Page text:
The next part of the production planning process is scheduling the production. All of the prior elements play a critical role in getting to this point. If the digitizing isn’t ready and approved or if the merchandise is not in or if a special color or type of thread is not in, then scheduling production is pointless. You can’t produce what you don’t have.

The best production system for the small embroidery company is to take the KISS approach.  Less is more. Trying to maintain an elaborate system will do nothing more than over complicate things, and in the end you will spend more time planning the production than the time it takes to produce the goods.

When it comes to production, the variables we will focus on are machinery, capacity, thread colors, and people.

Machinery: Choosing the right piece of equipment is very important. The goal with production is to produce the merchandise as efficiently as possible without sacrificing quality. Sometimes, it makes more sense to run a job on a smaller machine, rather than on a larger machine for efficiency. For example, it would be better to do three runs of an order for six pieces with 3,000 stitches each and four unique thread colors on a two-head versus one run on a six-head. The reason is because of the setup time involved. The setup time to change four cones of thread on six heads means that 24 cones of thread need to be changed. Changing four cones on two heads means only eight cones of thread need changed. That combined with a 3,000-stitch design makes it much more efficient to run the job on the smaller machine.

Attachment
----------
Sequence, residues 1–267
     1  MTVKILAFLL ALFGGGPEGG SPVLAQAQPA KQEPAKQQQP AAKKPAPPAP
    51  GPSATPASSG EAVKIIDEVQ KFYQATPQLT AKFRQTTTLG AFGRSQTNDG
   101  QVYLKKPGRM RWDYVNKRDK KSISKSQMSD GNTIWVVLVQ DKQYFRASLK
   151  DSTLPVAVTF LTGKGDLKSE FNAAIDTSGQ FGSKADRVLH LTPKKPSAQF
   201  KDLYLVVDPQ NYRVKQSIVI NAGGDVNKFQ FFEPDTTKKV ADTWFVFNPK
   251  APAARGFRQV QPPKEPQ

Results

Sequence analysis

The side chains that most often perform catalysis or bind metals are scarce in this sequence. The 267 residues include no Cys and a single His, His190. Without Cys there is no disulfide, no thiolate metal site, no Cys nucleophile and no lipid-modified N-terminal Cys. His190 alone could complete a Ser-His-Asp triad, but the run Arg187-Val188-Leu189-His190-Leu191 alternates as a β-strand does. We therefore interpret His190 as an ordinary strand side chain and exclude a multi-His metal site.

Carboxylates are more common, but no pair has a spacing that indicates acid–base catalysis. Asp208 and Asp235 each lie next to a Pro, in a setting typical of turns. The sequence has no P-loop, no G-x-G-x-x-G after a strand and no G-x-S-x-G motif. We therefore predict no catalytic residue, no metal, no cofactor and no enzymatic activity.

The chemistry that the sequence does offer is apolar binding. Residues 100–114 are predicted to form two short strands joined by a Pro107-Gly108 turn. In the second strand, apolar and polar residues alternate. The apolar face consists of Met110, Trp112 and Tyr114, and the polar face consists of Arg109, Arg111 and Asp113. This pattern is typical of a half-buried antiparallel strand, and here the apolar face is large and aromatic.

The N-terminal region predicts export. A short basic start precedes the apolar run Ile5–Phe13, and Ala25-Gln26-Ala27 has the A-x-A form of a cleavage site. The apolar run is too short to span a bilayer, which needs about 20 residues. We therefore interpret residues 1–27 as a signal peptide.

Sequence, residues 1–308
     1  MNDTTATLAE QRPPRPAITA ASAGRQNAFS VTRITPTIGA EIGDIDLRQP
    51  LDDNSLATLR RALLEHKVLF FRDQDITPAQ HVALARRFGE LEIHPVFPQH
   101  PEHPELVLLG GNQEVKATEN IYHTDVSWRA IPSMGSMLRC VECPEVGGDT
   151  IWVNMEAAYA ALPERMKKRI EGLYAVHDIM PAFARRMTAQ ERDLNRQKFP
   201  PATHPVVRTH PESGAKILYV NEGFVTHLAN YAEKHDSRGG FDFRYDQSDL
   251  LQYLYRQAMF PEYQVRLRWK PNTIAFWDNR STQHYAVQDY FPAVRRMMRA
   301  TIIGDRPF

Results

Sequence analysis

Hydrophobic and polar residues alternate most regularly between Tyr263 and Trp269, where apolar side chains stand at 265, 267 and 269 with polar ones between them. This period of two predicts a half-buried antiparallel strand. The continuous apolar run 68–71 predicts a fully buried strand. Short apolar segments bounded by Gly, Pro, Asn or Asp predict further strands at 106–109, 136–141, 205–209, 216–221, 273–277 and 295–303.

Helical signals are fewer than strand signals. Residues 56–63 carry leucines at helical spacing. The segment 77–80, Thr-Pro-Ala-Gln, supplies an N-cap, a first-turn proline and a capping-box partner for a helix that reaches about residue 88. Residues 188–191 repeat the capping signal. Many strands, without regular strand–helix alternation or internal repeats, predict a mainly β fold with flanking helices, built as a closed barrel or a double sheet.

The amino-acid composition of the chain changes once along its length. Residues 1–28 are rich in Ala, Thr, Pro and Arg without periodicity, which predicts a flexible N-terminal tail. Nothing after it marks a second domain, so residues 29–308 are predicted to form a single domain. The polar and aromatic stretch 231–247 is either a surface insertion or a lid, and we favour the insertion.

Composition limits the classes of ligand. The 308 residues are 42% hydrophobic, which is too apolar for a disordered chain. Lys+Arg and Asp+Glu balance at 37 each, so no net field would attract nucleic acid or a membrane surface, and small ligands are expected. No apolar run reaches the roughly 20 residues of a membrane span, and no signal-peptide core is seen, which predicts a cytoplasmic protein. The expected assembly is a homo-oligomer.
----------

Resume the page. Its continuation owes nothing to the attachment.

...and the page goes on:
Capacity: Embroidery machines can only produce so much per day. A common mistake people make is to take shift time divided by machine speed to get the number of possible stitches in a shift. A much better approach is to take an average number of stitches per day that your shop produces. Many embroidery machines have a counter that you can reset or log to see the daily stitch production. Oftentimes the end result is a fraction of the actual machine speed. Each time the machine trims, changes colors, has a thread break, or is off for any reason, the average stitches per day will be affected. Factoring in setup and all other variables, a time for the job should be calculated, and then that block of time should be set aside for the job. If you are busy enough, then sooner or later you will run out of blocks of time to place on your schedule.

Thread colors: As previously stated, changing thread colors takes time. An experienced operator can change a cone of thread quickly, but it still takes time. Most embroidery machines have slots for 15 colors of thread. It is good practice never to change a set of common colors. Leave the first 10 color slots with common threads and only change the last five. This will ultimately add to overall efficiency. Black, white, red, royal, yellow, navy, green, gold, tan, and orange are examples of 10 common colors.

People: Having people to produce the goods is an important part of the process. Always have a “Plan B” in the event someone does not show up for work unexpectedly. A machine without an operator is not very efficient. Cross-training individuals is good practice for all positions within a small production environment.

During a peak period or a schedule that is filled with critical deadlines, it is a good idea to have an additional shift on standby. Having a crew to create a safety buffer allows for production to stay on course. If production stays at capacity on a long-term basis, consider bringing in additional equipment to help satisfy the demand.

Even the best production plans run into emergency situations. However, with a well-thought-out production plan, the emergencies become the exception rather than the norm, and you can keep on time with production.